Worldbuilding: Setting the Campaign

When it comes to roleplaying game settings, my favorite world remains the Forgotten Realms, and very specifically the version of the Realms that exists in the original grey box, published in 1987 (still available on PDF). Although I collected all other iterations of the main campaign setting product, this one still holds the top spot for the favorite presentation of a campaign setting.

16782In one booklet called the Cyclopedia of the Realms, a big chunk of the world is presented in short, alphabetical, encyclopedic entries that vary in size from a couple hundred words to a full page, maybe two, plus a map.  This format presents the world in bite-size pieces that are loaded with snippets of information hinting at the larger picture, hinting but not showing it outright. You get at-a-glance views of towns, dales, cities, and countries, with mentions of people of importance, current events, and interesting landmarks. You get descriptions of how the standard D&D races and classes fit into the world, each revealing aspects of how this world functions, how and what people believe about themselves, each other, the creatures all around, even the gods above (and below). There are tons of flavorful elements all over each page, but none so elaborate, so detailed, that it’s exhaustive. They are morsels meant to whet your appetite, ingredients for you to combine and put together in a meal of your own making. Later editions of the campaign setting would go to describe the world in excruciating detail that would then be expanded even more upon by subsequent support products. Fun as they are to read, they turned the Realms into a memorization exercise rather than a game setting, where canon encroached on all sides on a game master’s desire to have a Realms of their own.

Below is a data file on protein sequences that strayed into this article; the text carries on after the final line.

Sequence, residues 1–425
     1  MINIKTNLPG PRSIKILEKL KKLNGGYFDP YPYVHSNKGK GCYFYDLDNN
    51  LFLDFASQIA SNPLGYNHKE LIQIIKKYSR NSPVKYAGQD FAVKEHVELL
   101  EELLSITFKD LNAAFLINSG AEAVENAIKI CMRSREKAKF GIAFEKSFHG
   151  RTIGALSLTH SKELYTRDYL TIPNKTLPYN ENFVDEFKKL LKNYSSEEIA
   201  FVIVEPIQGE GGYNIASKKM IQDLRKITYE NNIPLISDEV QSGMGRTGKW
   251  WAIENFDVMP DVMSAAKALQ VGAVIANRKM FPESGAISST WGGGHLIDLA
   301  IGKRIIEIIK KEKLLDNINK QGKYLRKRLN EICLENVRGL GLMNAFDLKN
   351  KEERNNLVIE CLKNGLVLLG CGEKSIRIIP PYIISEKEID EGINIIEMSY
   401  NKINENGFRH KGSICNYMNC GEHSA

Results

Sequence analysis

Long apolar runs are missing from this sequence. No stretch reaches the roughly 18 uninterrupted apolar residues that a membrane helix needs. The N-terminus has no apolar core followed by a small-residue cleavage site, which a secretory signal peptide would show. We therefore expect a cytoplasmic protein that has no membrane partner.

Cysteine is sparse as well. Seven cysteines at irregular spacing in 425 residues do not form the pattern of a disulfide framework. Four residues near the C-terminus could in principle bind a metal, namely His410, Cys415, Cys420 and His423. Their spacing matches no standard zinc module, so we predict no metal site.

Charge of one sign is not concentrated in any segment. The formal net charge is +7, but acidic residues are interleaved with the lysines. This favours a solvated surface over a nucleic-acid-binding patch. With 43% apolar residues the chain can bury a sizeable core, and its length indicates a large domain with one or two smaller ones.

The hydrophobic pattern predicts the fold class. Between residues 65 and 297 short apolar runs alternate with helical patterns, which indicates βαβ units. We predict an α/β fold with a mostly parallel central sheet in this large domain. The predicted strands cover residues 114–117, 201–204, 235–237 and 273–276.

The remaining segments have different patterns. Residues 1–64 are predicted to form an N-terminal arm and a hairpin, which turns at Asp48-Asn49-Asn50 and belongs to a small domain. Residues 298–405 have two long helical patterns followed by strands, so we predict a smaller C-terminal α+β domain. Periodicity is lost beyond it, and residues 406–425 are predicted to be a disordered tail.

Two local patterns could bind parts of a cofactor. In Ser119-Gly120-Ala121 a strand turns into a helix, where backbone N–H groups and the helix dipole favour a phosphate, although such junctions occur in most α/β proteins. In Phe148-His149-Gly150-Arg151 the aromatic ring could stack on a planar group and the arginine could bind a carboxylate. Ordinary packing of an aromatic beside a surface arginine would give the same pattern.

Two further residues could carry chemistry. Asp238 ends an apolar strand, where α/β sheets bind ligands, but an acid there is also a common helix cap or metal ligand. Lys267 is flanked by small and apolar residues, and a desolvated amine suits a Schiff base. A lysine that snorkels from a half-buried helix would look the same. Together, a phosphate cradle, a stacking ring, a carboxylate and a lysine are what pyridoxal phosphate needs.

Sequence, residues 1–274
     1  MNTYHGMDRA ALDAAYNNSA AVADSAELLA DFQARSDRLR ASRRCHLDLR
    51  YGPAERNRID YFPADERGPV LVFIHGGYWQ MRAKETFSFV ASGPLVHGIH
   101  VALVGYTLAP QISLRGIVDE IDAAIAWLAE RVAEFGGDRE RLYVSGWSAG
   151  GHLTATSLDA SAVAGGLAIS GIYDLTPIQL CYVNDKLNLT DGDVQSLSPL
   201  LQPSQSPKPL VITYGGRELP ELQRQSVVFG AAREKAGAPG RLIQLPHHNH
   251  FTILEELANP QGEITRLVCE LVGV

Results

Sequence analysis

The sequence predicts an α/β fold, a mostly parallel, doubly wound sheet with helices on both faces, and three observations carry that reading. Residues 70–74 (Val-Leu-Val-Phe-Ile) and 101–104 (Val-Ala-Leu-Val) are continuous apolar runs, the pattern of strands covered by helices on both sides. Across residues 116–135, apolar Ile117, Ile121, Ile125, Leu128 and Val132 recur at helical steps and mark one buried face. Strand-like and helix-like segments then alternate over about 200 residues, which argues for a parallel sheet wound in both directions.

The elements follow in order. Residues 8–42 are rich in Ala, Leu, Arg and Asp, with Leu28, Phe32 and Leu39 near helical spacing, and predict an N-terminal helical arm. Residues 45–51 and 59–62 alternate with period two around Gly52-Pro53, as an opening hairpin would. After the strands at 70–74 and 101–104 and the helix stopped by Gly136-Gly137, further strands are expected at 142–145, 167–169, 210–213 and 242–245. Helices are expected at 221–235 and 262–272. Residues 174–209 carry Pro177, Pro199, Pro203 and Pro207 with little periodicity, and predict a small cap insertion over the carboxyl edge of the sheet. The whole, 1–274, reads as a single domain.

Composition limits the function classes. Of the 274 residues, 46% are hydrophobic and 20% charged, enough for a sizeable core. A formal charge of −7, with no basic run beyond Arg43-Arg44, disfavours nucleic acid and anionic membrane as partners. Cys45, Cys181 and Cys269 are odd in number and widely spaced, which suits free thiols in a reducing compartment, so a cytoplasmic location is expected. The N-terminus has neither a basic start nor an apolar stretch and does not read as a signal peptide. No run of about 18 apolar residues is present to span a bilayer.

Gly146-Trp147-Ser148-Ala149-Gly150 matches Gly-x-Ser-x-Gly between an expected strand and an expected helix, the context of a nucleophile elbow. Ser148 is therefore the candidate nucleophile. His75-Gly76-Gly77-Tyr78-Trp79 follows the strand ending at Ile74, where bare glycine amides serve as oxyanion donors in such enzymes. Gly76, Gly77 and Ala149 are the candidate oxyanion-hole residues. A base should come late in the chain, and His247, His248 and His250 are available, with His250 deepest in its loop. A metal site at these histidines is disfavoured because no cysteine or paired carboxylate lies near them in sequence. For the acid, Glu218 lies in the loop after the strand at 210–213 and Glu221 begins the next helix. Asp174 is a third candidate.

I talk about the Cyclopedia and the grey box because as I turn my attention to organizing and outlining my unnamed Fantasy Project, I have to decide how to present the world where the game takes place. I ran an informal poll on Google+, Twitter, and a couple of Facebook gaming groups asking people what kind of format do they prefer when it comes to campaign settings: a framework approach like that of the Cyclopedia of the Realms, or a detailed encyclopedia, like later Forgotten Realms products. For the most part (a 70/30 split), people prefer a framework approach that presents enough information to get a feel about a place, with some juicy details that can spark adventure, but with enough room for them to make it their own. It’s the approach I prefer as a reader, and even more so as a writer.

With the Fantasy Project, I’ll be using the framework approach to present a gazetteer of the world, the major countries, the influential groups, and the key events leading up the moment when the book is set and the games begin. The world of this project is based on medieval/early-modern Earth, specifically Western Europe, Asia Minor, and the Levant, which means you can Google up images and resources to shore up your game while having the freedom of a fantasy world to create your own version of history. As a writer, this frees me up from having to create an entirely new world from the ground up, and focus on the parts that are unique to my project and important to the game.

Shakespeare said that All the world’s a stage, and my job as a writer is not to write the stories for the game master and the players, which is what I feel a detailed campaign setting does, but to set the stage that is the world so that they can unleash their characters and create new stories.


  1. A while back I read someone arguing that the ideal method for presenting a world was via a series of adventures. I’m not sure i am fully convinced but i am intrigued by the concept.


    • It’s a good option, used to great effect by the Forgotten Realms team for 2nd edition, when they expanded the world through their FR modules/gazetteers. The big drawback to that method is that it only works if you know you’ll have an extensive and productive publishing schedule. For TSR/WotC that was no problem. For me on my own, definitely not an option.

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